Why Tagore? by Ramachandra Guha

Ramachandra Guha is a highly acclaimed contemporary historian of India.  His India after Gandhi (Macmillan/Ecco Press, 2007) was chosen as a book of the year by the Economist, the Washington Post, the Wall Street Journal, the San Francisco Chronicle, Time Out and Outlook; and as a book of the decade in the Times of India, the Times of London, and The Hindu. His most recent book Makers of Modern India profiles nineteen Indians whose ideas had a defining impact on the formation and evolution of India.

Click here to read Guha’s essay Travelling with Tagore. We are very grateful to him for letting us have it for this site.  In this essay, Guha tries to answer a questioner as to why he identifies Tagore as one of the founders of modern India.  ‘I can see why you singled out the other three,’ said his questioner. ‘Gandhi led the freedom movement, Nehru nurtured the infant Indian state, Ambedkar helped write its Constitution and gave dignity to the oppressed. But why Tagore?’

Here is Guha’s reply:

The impact of Tagore’s ideas on Gandhi and Nehru has perhaps been given less attention than it deserves. It was through the poet’s provocation that these two men developed a theory of nationalism that was inclusive, not exclusive; a nationalism that sought not just political freedom for the Nation but equal rights for all its citizens. Where other nationalisms insisted on a homogeneity of attitudes and world views, the idea of India respected and even celebrated the linguistic, cultural and religious diversity of its peoples. This idea of India was inclusive outside its borders, prepared to overlook the horrors of colonialism once colonialism had formally ended, to forge new and equitable relations with all the countries and peoples of the world.

Here then is one possible answer to the question ‘Why Tagore?’: that the two most influential of modern Indians were shaped and reshaped by their encounters (in person, as well as in print) with the poet. This may be reason enough for the rest of us to recover Tagore, to read him afresh, to sense that his works carry much meaning for those Indians who do not speak Bengali or those human beings who do not live in India.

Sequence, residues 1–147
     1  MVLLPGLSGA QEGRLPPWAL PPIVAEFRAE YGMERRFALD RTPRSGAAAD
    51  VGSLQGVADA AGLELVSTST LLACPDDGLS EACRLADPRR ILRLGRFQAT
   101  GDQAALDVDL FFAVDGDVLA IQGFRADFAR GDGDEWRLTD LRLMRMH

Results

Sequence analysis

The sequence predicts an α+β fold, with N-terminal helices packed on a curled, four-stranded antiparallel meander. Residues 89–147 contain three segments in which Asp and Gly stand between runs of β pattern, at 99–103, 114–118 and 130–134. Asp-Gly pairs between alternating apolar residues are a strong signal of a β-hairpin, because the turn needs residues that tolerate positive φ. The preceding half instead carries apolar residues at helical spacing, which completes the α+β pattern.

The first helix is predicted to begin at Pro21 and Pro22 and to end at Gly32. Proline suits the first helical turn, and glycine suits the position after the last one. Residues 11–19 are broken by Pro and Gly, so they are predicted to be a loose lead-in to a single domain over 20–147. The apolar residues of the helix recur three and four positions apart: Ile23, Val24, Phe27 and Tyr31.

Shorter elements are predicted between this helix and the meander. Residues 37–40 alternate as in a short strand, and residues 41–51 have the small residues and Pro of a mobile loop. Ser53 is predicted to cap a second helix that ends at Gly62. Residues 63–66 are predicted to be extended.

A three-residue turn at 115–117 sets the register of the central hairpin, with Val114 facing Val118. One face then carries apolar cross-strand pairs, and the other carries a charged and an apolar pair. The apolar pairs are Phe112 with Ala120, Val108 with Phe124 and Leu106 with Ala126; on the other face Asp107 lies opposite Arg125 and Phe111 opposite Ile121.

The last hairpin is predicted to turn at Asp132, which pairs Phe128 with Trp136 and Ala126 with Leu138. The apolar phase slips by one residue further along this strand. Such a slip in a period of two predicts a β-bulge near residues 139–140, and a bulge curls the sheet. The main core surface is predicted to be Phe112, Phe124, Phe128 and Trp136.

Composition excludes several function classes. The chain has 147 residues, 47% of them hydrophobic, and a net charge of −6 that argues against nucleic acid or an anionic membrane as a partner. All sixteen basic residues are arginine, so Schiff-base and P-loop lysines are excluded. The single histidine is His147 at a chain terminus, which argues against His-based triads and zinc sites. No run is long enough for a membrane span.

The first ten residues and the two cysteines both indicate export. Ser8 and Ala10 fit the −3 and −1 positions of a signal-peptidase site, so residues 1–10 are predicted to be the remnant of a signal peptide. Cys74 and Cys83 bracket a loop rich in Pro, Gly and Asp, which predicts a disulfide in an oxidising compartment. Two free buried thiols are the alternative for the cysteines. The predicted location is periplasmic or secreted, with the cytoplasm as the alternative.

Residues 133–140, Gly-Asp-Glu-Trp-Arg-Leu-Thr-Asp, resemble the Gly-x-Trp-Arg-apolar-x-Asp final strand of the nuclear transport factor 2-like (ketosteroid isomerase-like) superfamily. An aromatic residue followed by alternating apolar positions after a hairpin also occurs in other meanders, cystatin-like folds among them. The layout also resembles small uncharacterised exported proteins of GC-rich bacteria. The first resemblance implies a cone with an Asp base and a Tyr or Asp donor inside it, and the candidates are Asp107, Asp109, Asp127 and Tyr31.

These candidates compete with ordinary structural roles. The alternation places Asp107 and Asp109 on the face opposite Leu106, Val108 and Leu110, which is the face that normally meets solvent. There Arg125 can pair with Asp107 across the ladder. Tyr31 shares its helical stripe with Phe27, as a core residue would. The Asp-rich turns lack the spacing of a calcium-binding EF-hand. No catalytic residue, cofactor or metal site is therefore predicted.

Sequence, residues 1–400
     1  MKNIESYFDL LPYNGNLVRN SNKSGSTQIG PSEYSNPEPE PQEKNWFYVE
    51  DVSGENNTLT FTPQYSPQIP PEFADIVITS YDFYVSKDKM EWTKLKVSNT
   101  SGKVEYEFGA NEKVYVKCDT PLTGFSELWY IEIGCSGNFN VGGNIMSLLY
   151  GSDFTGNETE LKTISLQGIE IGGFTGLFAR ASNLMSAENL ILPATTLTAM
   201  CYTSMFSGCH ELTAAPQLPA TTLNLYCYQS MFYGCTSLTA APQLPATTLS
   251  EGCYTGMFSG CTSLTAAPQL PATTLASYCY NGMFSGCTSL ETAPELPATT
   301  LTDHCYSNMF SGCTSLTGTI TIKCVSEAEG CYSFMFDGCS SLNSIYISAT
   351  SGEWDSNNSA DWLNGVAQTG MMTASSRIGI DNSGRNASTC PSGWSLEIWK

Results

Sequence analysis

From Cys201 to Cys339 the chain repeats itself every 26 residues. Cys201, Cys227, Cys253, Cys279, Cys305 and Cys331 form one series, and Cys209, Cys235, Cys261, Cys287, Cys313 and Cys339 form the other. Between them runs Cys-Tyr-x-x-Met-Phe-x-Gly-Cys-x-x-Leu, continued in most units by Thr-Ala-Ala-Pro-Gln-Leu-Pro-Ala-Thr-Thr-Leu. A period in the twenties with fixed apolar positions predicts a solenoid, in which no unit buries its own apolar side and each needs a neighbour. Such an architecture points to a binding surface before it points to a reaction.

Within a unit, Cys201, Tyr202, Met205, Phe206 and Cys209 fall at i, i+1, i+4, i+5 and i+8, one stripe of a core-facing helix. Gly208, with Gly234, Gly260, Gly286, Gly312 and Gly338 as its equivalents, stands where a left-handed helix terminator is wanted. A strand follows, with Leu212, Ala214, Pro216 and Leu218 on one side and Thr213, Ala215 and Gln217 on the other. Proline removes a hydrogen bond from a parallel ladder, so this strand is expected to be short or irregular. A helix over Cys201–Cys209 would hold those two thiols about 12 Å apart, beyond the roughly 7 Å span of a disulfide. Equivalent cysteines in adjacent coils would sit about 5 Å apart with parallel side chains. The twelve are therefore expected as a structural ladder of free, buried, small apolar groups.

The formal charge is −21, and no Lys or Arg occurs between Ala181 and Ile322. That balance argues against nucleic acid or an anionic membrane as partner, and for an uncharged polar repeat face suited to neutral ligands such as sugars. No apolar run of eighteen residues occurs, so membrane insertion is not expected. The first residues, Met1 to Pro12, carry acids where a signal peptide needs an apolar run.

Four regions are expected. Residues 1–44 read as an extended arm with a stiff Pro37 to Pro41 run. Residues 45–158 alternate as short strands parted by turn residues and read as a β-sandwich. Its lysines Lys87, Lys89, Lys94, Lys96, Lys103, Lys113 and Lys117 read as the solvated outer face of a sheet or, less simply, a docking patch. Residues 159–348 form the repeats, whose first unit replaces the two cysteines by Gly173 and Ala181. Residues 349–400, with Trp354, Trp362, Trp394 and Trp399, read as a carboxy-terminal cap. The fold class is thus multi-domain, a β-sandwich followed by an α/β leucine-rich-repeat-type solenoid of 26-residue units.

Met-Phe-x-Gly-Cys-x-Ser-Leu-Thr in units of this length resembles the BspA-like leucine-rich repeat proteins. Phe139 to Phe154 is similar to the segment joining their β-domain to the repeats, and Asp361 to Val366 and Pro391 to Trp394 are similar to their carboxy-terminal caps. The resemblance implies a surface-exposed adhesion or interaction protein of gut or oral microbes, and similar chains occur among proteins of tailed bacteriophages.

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2 Responses to “Why Tagore? by Ramachandra Guha”

  1. It is a very informative and communicative website.Tagore will reach out to people all over the world .

  2. The Slave of the Husband…

    Trying to get in advance to researching excess from you afterward!……

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Our Tagore events

  • Oct 6, 2012 AUTUMN EXTRAVAGANZA, Michael Power St. Joseph High School, Toronto. A variety show with Tagore’s works, and a multicultural Dance Ensemble with folk dances of Ukraine, Chile, and India.

  • Sep 25, 2012 'Walking Alone: Justice and Inequality in Tagore's thought', talk by Ananya Mukherjee-Reed at Princeton University, USA.

  • May 4, 2012 Soul of Spring,McMichael Art Gallery, Kleinburg, Ontario. A medley of music, dance and poetry based on Tagore's play. It was performed during an exhibition of Tagore's paintings 'The Last Harvest' at the gallery.

  • Jan 19, 2012 'Race and Diversity in Tagore', talk by Ananya Mukherjee-Reed at the University of Toronto

  • Sept 30, 2011 Tagore reading at the Festival of South Asian Literature and the Arts

  • October 2, 2011 A panel on Tagore featuring Uma Dasgupta and Martha Nussbaum on Writers & Company, CBC Radio One Broadcast time 3:05 pm Eastern. Click here for more details and podcast
  • Dec 3-4, 2011: A film festival featuring the North American premier of two films based on Tagore's work.
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